To our knowledge, there are few studies that analyzed the differences in the type of food intake by parity23-26. In general, in our population (after adjusted for age, current BMI and gestational age) nulliparas followed a healthier diet than multiparas, which is consistent with other findings reported on a healthy conscious diet (characterized by a high consumption of vegetables, fruits, cereals, fish and pulses) is negatively associated with increased parity23. Moreover, a caloric diet pattern has been positively associated with parity24. In this context, nulliparous mothers consumed healthier food groups as fruits25, dairy products, nuts and olive oil, but also more caloric sweeteners. On the other hand, multiparas women consumed more energy-dense and rich in unhealthy fat food groups than nulliparas, as meat, sausages26, and buns/pastries, but also more rice/pasta/potatoes and bread. Although the differences among diet intake were statistically significant, we could not consider them clinically relevant from a dietary point of view.

When the dietary consumption was compared with the recommendations for Spanish pregnant women, it was observed a lower intake of dairy products, salads/vegetables and cereal products than it is recommended12. Different studies have been carried out to determine the adherence to the dietary recommendations in pregnant women. Similarly to our results Ferrer et al showed that cereals, vegetables and pulses consumption was below the portions recommended, among Spanish pregnant women24. Additionally, Wilkinson et al reported that the consumption of vegetables and also fruits was below the daily portions recommend in Australian pregnant women27. In contrast, Ortiz-Andrellucchi et al found in a Spanish population that pregnant women consumed more vegetables, fruit, milk and meat products than the recommendations, but less cereals28. However, these data can not be strictly compared with each other because each country (or group of countries) has their own recommendations, even there is more than one organism that stablishs different dietary references within the same country, as in Spain1.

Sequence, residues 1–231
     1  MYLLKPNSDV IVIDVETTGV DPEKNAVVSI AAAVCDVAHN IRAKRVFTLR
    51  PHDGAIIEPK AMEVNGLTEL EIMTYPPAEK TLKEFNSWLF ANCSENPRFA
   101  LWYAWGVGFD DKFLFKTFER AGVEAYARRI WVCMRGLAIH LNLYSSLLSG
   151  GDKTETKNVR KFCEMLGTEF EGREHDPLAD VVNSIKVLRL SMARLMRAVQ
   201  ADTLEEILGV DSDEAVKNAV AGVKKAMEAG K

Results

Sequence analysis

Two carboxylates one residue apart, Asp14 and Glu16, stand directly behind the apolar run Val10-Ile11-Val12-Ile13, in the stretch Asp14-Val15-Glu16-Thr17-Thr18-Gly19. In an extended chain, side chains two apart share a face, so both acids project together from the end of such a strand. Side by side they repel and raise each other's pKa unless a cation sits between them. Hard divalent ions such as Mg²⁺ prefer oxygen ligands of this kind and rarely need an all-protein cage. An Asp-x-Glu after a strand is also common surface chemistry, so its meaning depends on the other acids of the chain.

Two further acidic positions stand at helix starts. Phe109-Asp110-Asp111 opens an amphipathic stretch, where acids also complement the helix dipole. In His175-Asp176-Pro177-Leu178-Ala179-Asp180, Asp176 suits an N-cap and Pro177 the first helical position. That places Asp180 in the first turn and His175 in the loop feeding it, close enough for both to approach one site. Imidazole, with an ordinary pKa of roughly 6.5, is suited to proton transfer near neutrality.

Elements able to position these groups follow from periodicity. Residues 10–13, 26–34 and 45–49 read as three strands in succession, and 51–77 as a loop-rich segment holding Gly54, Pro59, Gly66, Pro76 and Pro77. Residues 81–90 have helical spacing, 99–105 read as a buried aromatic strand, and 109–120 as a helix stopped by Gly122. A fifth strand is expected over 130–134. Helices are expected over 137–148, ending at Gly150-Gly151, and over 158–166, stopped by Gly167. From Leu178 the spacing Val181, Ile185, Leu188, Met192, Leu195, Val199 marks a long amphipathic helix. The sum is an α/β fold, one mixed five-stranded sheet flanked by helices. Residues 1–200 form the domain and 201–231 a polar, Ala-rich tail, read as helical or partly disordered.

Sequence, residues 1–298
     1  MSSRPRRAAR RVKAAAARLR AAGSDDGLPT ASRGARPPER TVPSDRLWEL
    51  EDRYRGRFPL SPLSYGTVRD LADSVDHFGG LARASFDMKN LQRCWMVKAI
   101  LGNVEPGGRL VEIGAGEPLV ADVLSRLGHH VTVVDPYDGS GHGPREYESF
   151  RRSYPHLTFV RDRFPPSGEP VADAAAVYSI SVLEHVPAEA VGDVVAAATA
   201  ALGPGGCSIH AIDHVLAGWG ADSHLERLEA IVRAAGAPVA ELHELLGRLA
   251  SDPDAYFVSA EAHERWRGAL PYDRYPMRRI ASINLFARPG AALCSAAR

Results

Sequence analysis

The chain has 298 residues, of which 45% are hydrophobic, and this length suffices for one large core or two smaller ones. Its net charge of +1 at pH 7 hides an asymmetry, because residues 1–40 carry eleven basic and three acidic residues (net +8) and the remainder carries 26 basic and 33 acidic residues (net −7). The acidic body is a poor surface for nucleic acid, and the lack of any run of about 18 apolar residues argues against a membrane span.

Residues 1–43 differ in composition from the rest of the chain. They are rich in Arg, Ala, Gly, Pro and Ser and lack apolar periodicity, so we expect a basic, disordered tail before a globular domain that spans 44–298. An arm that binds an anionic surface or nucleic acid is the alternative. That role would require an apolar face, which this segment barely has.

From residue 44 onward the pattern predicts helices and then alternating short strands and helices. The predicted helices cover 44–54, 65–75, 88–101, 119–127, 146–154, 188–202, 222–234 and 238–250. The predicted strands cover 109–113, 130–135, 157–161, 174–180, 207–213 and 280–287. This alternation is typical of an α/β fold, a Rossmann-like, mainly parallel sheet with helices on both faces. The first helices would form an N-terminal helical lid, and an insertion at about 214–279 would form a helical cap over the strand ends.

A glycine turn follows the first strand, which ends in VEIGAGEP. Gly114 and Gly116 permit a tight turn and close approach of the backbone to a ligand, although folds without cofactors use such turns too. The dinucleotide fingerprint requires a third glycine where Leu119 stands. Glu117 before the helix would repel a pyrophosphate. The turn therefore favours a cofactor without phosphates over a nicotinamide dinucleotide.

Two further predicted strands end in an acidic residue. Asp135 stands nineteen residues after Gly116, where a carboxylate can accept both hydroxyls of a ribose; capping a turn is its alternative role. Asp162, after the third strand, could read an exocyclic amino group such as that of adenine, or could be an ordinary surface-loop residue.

Finally, concerning supplementation there were not statistically significant differences in any type of supplement except in iron, being multiparous mothers those who consumed more. This outcome may be explained because anaemic pregnant women are administered more iron supplements. However, few studies concluded that parity is associated with anaemia, although Bencaiova et al reported that it is a risk factor of decreasing of iron stores29.